At the start of this year I began an experiment with my hair.  The purist in me was tired of putting toxins into my body, the spendthrift in me was weary of pouring so much money away on these toxins and the optimist in me was persuaded by our bodies ability to cope without reliance on products! I was in a wash-every-other-day-routine and was a slave to dry-shampoo. I knew there had to be a better way.

Enter the No Poo way of life!

In a typically extreme move  I totally gave up shampoo and have in the last 10 months put everything from a homemade nettle brew to mustard powder on my hair! It has gone quite wrong at times but ultimately my hair is a million times more healthy, voluminous, and grows much faster. Plus I can go away for weeks at a time and need nothing for my hair but a good bristle brush. This really appeals to my hopes of living more simply and with less impact on this beautiful earth (even though I am rubbish at this in lots of ways.)

Here are TEN options for shampoo alternatives I have played with- and sometimes made a lot of mess with! Most are the BEE’S KNEE’s for me and the rest are the dog’s whatchya’s for others…

One- Amla powder

Amla is a brilliant hair ingredient- it is actually dried goosberry! It must be prepared the night before use in an iron vessel. A cast iron pan or pot would be ideal.

Mix with a little water until you have a ruunny paste. Ideally it feels like henna. Or, if you don’t use henna, like dipping your ginger nut in your tea for too long and then mashing it into a bowl!

The next morning take your amla into the shower with you. Once your hair is wet apply the paste and leave it for half an hour. (Squeeze all your black heads and all those other things you can do alone in the bathroom. Don’t entertain guests you’ve never met before, which is what I had to do when I realised i couldn’t wash it straight out! More in video…)

I used two table spoons which was enough for my long hair.

Wash out well!

Read all about Amla for hair here. 

Two- Rye Flour.
Rye flour is fast becoming the star of the No Poo movement, the Bieber of all the shampoo alternatives! it has just the right mixture of saponins and exfoliating properties to make it super kind and cleaning on your hair. I wish i could say “Stick it on” but once again it is a little more complicated – mainly, you need to sieve it first! This video will give you the big HOW TO for rye flour.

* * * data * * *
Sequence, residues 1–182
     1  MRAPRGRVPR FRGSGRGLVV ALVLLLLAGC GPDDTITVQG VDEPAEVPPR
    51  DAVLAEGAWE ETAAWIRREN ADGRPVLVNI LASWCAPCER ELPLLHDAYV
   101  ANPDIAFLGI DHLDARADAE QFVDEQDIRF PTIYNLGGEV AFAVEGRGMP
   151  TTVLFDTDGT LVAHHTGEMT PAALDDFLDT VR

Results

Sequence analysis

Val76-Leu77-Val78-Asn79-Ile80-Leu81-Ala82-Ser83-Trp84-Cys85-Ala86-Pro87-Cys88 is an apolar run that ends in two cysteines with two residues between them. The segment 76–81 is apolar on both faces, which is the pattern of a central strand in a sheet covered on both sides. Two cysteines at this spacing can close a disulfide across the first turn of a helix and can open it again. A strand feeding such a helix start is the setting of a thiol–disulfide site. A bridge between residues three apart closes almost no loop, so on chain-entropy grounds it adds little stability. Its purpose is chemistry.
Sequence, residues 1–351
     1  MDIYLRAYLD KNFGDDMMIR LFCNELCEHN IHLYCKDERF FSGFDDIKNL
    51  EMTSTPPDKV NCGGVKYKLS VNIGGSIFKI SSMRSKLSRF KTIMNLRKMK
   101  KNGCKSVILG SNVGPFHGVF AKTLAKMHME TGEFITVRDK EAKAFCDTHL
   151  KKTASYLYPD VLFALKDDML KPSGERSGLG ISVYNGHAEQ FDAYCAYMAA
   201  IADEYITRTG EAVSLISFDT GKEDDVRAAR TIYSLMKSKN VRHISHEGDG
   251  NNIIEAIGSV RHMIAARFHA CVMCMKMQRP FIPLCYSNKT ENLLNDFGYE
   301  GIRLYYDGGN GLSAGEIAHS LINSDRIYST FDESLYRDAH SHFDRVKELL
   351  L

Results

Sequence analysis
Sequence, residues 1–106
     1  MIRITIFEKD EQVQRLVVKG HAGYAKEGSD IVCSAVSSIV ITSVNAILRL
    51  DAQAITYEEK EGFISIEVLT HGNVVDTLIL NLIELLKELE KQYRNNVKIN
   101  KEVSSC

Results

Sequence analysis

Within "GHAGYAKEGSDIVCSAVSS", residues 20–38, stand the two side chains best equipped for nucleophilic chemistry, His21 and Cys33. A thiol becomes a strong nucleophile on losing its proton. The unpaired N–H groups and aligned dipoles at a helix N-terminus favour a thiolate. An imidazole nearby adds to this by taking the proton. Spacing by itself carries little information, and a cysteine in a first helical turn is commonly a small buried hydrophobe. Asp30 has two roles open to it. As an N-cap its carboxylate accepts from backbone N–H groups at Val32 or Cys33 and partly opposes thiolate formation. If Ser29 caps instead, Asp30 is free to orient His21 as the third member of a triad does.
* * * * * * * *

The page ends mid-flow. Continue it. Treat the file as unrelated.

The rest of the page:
Three- Egg.
I use the whole egg, whisked in a cup. I pour over my head and massage in. I leave for a few minutes and rinse well.  It leaves my hair SO clean and SO soft and shiny. However, the water must be cool! I have had a couple of scrambled disasters venturing into too warm territory…. Here is some info about how an egg works and how to apply egg on hair effectively.

Four- Soapnuts.
These are a natural cleaner and work incredibly well. My hair is like silk after- certainly the closest to shampoo I have found. I heat them in water on the stove for 10 minutes, whiz them with my hand blender and use the liquid. I am too lazy to make this my Go To alternative, but use it if my hair has become filthy. Buy them here and use them for cleaning a million and one things! Buy them from my affiliate chums, Ethical Superstore. They come in a 1 kilo pack and are a real bargain – over 300 washes in there!

Five- Rhassoul Clay.
This is LOVELY stuff. For skin and hair.  It is one of the better shampoo alternatives out there as it not only cleans but also conditions. I make a paste with two spoonfuls and boiling water. Once cool I smooth it into hair, after a few minutes I brush it through hair and rinse off. It is truly divine but a little on the expensive side for my thrifty self. (But doesn’t come close to the expense of good shampoo.)Shampoo alternatives for healthy hair

Six- Henna.
This is one of the more colourful shampoo alternatives, something to suit those who like to play around with their hair. This is my once-every-six-weeks deep treatment! I mix up about ten spoons of it with hot water to make a paste. Once cool I apply it all over and leave it for two hours. (Epic I know, I use a plastic bag and grips to keep it all in place.) It needs a SERIOUS rinse, and a good brush, but my hair after is brighter, cleaner, softer.

Seven- Tea.
This relies very much on the massage bit too, and the result is the same as water except you get a nice smell! Some people swear that the different aspects of the tea change your hair – chamomile adding a special softness and lightness to blonde hair, for example. My favourite is to take some lemonbalm leaves and make a tea out of it. A little video here of that happening and an explanation of my motto “If you can’t eat it, don’t wash your hair with it!” ….